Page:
The LEGO Movie 2: The Second Part
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Powerfully acted and lovely to look at, Kumiko, the Treasure Hunter offers a treat for cinephiles with a taste for the pleasantly peculiar.
All Critics (130)
| Top Critics (33)
| Fresh (114)
| Rotten (16)
The entrancing fifth feature of the Zellner brothers, Kumiko the Treasure Hunter, is like found art in the beguiling, haunting manner it combines the seemingly ridiculous and desperate with an ineffable and quiet sadness.
Basically an interesting failure.
A great film for people who are tired of associating the color black with sadness and despair: now, both of those things are available in snowy white!
File this one under "odd and interesting but ... "
If Kumiko, the Treasure Hunter takes its time, it's time worth taking.
In the title role, Kikuchi is impressive, easily handling Kumiko's comic and more somber sides and never allowing us to settle into a single or simple interpretation of the character.
Enticed by the prospect of buried treasure, Kumiko sets off on an ill-fated odyssey in search of the loot.
This is one of the best films of the year. Kumiko, the Treasure Hunter is not a true story, but its central quest touches a chord truer than anything in Fargo.
A weird one.
The film isn't polished, perhaps on purpose, but it's endearing, special even.
I think the less you know going into this movie the better, so if you're a die-hard fan of Rinko Kikuchi or a film buff with a vested interest in how pop culture influences modern folklore, put yourself on Kumiko media blackout and just go see it already.
Kikuchi interacts beautifully with the camera to set the pace; the wide shots and angles make it seem as if the camera waits for her to finish a silent sentence, punctuated by her facial expression.
Got to admit, not a movie I was seeking out, despite my love of all things Japanese, but I'm glad I saw it. I related to poor Kumiko more than I care to admit to.
A disturbing look at a disturbed woman tries to find the treasure featured in the film Fargo. While there are interesting elements, the tidy ending is a jarring departure from the rest of the film.
That the details of the true story behind this movie are far more fascinating than what is presented here highlights my lack of passion for this production. Kumiko, The Treasure Hunter concerns an obsessive quest. Generally I enjoy these tales about social outcasts that don't quite fit in with society. These quixotic individuals have such a romantic quality that can be very appealing. Kumiko is outfitted in scarlet sweatshirt with a large hood like a contemporary Red Riding Hood. That visual further pushes the fairy tale notion of this modern fable. Indeed the proceedings have a surreality that infuses her life as if it were a dream. But Kumiko is such an enigma that it's difficult to embrace the character. We don't know this woman. She rarely speaks, only occasionally mustering out a random word in her broken English. The locals along the border of North Dakota and Minnesota just want to help her but she is so painfully shy that it's hard to summon any interest in her mission. Kumiko is a curiosity to be sure but not someone I embraced. Her only friend is a pet rabbit named Bunzo. I think it's telling that her animal side-kick is the emotional heart of the saga. I'm #TeamBunzo all the way. #TeamKumiko not so much.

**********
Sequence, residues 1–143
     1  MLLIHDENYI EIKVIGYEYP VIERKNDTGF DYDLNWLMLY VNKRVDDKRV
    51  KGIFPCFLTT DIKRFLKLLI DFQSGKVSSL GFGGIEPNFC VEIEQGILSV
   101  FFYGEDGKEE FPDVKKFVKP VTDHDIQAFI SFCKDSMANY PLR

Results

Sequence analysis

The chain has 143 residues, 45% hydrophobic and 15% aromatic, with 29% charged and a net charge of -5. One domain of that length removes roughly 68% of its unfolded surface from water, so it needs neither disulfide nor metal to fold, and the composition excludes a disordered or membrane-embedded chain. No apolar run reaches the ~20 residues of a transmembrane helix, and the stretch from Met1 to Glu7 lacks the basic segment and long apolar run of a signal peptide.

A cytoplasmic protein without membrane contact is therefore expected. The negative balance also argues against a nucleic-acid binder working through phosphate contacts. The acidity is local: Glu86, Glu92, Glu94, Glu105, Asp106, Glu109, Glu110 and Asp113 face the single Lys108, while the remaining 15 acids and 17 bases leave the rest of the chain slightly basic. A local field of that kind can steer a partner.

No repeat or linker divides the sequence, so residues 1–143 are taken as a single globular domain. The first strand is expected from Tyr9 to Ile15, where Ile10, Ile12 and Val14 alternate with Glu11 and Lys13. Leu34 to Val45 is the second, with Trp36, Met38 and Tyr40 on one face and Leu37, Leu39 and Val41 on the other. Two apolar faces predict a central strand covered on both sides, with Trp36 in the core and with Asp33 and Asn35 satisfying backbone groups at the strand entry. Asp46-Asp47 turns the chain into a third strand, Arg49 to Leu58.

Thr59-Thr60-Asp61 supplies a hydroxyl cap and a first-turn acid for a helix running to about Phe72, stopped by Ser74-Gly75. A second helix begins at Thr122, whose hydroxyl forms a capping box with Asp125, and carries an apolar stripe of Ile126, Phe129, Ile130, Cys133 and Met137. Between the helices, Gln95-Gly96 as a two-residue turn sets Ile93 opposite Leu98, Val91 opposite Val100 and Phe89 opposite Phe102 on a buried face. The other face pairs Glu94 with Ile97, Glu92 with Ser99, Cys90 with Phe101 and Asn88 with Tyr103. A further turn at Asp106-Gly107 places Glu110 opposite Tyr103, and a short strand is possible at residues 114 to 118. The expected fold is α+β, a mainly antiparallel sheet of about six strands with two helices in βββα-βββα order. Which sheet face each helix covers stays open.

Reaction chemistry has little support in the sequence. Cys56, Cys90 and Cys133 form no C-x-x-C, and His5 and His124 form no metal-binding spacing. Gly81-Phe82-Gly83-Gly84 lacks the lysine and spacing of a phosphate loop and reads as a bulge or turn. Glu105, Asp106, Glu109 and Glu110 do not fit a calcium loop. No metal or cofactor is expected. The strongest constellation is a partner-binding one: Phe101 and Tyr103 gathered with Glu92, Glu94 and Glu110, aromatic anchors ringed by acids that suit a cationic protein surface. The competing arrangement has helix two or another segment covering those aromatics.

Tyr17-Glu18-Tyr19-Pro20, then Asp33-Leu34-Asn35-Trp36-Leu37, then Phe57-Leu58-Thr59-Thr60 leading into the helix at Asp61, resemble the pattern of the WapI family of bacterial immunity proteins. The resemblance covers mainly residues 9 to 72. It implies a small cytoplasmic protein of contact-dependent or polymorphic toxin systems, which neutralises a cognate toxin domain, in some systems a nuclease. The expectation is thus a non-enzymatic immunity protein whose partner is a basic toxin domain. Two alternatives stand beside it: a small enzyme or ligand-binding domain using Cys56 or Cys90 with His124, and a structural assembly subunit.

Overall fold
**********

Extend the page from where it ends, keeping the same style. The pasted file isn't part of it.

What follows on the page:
Kumiko(Rinko Kikuchi) works in an office in Tokyo where she avoids her fatuous colleagues. Her patronizing boss(Nobuyuki Katsube) has her take care of his dry cleaning and other demeaning tasks. In response, she spits in his coffee. In her spare time, she takes care of her pet rabbit and defends herself by phone to her interfering mother. That leaves plenty of time to watch the movie 'Fargo' over and over. Not for any aesthetic reason mind you but to look for clues for buried treasure.
"Kumiko, The Treasure Hunter" is an offbeat and engaging character study, about somebody who is not so much searching for something but running away from multiple somethings. And can you really blame her? While Kumiko's actions might be hard to sympathize with at times, remember how malleable reality can be at others, especially with this movie being inspired by a true story. 'Fargo' itself is a complete fiction that claims to be a true story before it starts. And 'Shogun' which is also referenced is historical fiction.
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